Book Review: Silent Witnesses in the Gospels by Allan F. Wright

A wise slogan recommends we occasionally “stop and smell the roses.” Likewise, Allen Wright’s excellent new book “Silent Witnesses in the Gospels” (St. Anthony Messenger Press, $11.99, 230 pages) advises us to stop and breathe in the Gospels anew, seeing them from a wholly different perspective.

A Fresh Look at Familiar Stories

But in Silent Witnesses, these servers come to life: “Jesus pauses; His gaze falls upon a server. 'What’s your name?' He asks. 'Eliab,' replies the server. 'Eliab, quickly, grab two of your friends and meet me in the storage room.' Eliab calls his friends and they make their way around the back of the house. 'Fill these six stone jars with water at once.' Jesus’ voice is firm and direct so the servers get right to the task, dragging the heavy vessels to the well.”

Continuing: “The servers take the drink to the headwaiter, fearful that by taking this water during a wedding feast they will be punished. Eliab’s hand shakes as he gives the water to the headwaiter. What will be his reaction? 'Eliab, my friend! Where have you been keeping this?' Eliab straightens up, anxiously searching for Jesus. The headwaiter continues, ‘Most people serve the best wine first but you’ve been holding out, haven’t you? This is the choicest wine I’ve ever tasted!’”

When hearing Gospel stories, it’s easy to lose oneself in Christ’s piercing words, forgetting that all this action happened to real people. Wright’s book enables us to take a fresh look at these familiar stories, almost as if reading them for the first time.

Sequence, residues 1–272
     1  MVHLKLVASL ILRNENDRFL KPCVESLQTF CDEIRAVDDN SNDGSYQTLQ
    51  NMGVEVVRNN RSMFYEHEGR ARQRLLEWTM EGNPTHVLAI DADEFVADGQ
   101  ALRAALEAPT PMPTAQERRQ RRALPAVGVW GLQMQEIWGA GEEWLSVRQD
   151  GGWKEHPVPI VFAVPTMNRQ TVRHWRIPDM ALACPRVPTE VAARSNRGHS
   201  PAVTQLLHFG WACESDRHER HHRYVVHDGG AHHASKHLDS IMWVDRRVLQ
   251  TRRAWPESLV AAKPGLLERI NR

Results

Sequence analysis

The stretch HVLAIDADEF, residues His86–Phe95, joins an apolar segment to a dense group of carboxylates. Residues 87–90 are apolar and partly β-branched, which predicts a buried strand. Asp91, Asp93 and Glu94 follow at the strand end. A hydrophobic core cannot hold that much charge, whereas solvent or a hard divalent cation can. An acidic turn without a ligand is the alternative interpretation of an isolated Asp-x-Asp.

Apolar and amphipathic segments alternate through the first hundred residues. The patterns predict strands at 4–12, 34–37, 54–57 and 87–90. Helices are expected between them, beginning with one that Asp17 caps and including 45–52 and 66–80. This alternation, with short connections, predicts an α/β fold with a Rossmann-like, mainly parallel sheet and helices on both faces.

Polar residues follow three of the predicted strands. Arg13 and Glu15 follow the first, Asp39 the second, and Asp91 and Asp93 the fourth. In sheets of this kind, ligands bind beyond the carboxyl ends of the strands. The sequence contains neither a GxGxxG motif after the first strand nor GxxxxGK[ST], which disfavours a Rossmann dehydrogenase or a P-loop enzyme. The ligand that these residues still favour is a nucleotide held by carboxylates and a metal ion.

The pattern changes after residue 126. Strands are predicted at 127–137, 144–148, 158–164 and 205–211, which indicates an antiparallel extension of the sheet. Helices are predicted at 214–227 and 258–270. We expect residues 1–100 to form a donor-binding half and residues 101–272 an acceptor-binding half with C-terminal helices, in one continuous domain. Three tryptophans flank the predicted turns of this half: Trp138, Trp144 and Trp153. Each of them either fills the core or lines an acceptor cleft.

Extraordinary Encounters with Ordinary People

Allan Wright, a Scotch Plains, New Jersey religion teacher, combines a profound Biblical knowledge with a novelist’s creative impulse. He draws the indelible outline of invisible characters, providing deep and penetrating meditations into the meaning of the drama in which they unaccountably found themselves.

In Silent Witnesses, Wright gives voice to twenty-six New Testament characters who interacted with and served Jesus. While gospel writers tell of these bystanders’ actions, their thoughts and comments are not recorded. However, in Wright’s skillful and creative hands, words are placed in the mouths of the Good Samaritan, the boy with the fish and bread loaves, Judas, Barrabas, Mary and Martha, the one thankful leper, Simon carrying the cross, and many others. We thus can reflect upon what effect the extraordinary encounters with Christ had on these ordinary people.

For example, at the Cana wedding feast, Jesus told the servers to fill jars with water, draw some out and take it to the headwaiter. Dutifully, they did. In John’s Gospel, that’s all we hear of the silent servers.

New and Invigorating Insights

For example, Wright describes the poor widow “with her old clothes and worn sandals, she headed out the door, shuffling her feet and clutching two small coins in her hand. She walked anonymously into the busy street leading to the temple treasury. Crowds, all in a hurry, passed her by.”

At the clinking of two small copper coins placed in the treasury by the poor widow, Jesus (who had been discussing topics of the day with scribes and elders) “witnessed what he was looking for. Jesus called over his disciples, saying, 'Amen, I say to you this poor widow put in more than all the other contributors to the treasury. For they have contributed from their surplus wealth, but she, from her poverty, has contributed all she had, her whole livelihood.'” Her humble and generous giving remains one of the most poignant and beloved gospel tales.

One minor criticism: The book cries out for a concluding chapter summarizing and placing the stories in context, perhaps pointing to the lessons learned. In essence, my complaint is not that Silent Witnesses is too long, but that it is too short. Nevertheless, in an unforgettable way, Silent Witnesses adds new and invigorating insights to Sacred Scripture by bringing to life those who served as character actors in The Greatest Story Ever Told.

(Silent Witnesses can be ordered from St. Anthony Messenger Press, 28 W. Liberty St., Cincinnati, Ohio, 45202, Phone: (800) 488-0488, or from their web site at

James Bemis is an editorial board member and columnist for California Political Review and a frequent contributor to The Wanderer.

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